Driving around horses and Cyclists
- In 2012, five horse riders were killed and 26 were seriously injured in collisions with motor vehicles.
- Horses are easily scared by noise and may panic around fast-moving vehicles.
How to pass Horses safely
Advice for motorists
- Slow down and be ready to stop if necessary
- Look out for riders' signals to slow down or stop
- Watch out for sudden movements, horses can be easily frightened and unpredictable
- Don't sound your horn or rev your engine
- Pass wide and slow when overtaking; giving the horse plenty of room. Don’t accelerate rapidly once you have passed them.
- On roundabouts, horse riders will keep to the left within the roundabout until reaching their exit, when they will signal left. They will normally signal right only when approaching exits they don't intend to use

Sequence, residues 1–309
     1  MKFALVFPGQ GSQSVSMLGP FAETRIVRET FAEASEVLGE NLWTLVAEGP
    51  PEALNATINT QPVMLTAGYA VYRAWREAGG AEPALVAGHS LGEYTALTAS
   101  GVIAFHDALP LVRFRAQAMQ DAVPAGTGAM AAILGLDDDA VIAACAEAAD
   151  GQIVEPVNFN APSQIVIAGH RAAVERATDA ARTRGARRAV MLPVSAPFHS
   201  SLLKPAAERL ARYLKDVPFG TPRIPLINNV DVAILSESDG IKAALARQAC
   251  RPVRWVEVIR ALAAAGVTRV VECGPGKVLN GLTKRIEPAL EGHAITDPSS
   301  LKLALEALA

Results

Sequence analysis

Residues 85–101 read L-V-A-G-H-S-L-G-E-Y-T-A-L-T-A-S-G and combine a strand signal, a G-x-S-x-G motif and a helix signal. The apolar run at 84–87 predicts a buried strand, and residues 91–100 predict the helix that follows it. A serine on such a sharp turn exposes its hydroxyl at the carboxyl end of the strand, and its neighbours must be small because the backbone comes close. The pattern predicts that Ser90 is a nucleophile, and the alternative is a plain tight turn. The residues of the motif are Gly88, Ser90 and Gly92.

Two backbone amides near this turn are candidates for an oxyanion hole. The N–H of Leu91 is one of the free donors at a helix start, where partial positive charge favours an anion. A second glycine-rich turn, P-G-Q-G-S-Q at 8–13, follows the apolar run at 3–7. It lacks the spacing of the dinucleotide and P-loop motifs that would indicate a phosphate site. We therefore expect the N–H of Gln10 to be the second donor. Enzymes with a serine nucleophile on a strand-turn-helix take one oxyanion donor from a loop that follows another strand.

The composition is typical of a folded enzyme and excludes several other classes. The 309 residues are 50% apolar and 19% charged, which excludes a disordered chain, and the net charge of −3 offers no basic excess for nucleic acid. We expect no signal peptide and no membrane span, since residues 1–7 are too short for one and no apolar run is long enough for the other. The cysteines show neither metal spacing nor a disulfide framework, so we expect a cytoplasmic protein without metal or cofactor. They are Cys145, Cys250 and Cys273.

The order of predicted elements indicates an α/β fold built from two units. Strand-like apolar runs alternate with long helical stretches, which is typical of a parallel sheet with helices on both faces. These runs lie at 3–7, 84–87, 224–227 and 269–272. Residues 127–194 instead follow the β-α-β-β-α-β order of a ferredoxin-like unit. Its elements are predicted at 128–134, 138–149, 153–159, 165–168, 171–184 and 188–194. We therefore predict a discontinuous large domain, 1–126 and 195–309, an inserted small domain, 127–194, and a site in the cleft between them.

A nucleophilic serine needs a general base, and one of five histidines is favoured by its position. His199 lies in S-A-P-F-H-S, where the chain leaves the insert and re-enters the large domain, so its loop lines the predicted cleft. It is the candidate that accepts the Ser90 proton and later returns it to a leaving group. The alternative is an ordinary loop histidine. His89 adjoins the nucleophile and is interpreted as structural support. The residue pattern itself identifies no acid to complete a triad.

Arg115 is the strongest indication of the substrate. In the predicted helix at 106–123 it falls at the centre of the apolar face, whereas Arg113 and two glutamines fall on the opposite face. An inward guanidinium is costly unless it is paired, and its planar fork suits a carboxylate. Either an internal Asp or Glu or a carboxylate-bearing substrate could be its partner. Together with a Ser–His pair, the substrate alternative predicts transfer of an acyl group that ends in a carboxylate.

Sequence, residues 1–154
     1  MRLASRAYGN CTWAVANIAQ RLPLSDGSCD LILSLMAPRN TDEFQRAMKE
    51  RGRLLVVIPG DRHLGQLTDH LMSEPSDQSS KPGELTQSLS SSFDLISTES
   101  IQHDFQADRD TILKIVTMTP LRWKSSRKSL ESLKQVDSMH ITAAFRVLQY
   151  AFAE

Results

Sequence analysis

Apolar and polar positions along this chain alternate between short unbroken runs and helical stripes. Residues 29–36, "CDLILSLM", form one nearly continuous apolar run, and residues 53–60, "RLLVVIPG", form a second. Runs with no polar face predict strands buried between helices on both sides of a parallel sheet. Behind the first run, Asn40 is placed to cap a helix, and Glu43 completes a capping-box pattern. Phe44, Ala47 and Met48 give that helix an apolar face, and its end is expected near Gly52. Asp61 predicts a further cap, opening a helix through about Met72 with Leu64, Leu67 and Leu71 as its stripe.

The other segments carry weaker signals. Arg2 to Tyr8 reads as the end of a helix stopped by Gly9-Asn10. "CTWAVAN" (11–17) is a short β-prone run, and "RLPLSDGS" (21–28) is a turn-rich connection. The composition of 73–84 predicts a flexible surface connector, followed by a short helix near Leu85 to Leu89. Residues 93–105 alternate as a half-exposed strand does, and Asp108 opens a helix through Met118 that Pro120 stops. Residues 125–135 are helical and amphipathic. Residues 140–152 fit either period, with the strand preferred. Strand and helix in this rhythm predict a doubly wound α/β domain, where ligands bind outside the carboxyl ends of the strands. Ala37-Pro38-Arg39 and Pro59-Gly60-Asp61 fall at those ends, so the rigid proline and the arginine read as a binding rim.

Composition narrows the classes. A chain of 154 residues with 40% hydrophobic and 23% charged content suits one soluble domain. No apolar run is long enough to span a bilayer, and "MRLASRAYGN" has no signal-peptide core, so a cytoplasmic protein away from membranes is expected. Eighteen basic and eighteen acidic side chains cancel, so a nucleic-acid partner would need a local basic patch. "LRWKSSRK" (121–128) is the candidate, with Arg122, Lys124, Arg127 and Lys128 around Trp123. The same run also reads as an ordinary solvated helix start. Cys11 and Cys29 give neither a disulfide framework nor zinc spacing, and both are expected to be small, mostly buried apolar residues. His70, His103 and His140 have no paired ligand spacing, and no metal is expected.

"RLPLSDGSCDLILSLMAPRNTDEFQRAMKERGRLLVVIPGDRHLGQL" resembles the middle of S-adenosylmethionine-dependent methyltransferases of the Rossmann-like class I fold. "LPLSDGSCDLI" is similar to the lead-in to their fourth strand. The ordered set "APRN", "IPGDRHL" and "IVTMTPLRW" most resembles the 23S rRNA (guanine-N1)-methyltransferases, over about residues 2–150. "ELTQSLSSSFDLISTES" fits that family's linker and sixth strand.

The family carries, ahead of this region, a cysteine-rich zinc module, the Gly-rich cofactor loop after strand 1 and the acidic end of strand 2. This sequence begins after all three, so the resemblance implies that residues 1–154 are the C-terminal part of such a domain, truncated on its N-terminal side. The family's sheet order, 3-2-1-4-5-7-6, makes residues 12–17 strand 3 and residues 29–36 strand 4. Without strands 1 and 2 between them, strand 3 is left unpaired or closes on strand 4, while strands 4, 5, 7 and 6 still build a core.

Advice for horse riders
- Always display fluorescent/reflective clothing on both horse and rider whatever the weather or light conditions
- If at all avoidable, don't ride in failing light, fog or darkness. Avoid icy or snowy roads
- If riding a horse that is not used to roads, ask a rider with a horse who is experienced and calm to accompany you
- Never take a mounted group of more than eight horses on the road
- If riding two abreast, move into single file as soon as it is safe for the motorist to overtake. Don't ride more than two abreast on the road
- Always cross major crossings in a group, rather than trickling across one by one
- Leave details of your intended route and estimated time of return with a responsible person
- The number of cyclists killed increased by 10% from 107 in 2011 to 118 in 2012
- The number of cyclists reported to have been seriously injured increased by 4% from 3,085 in 2011 to 3,222 in 2012
- Pedal cyclist traffic levels are estimated to have risen by 1.2% over the same period
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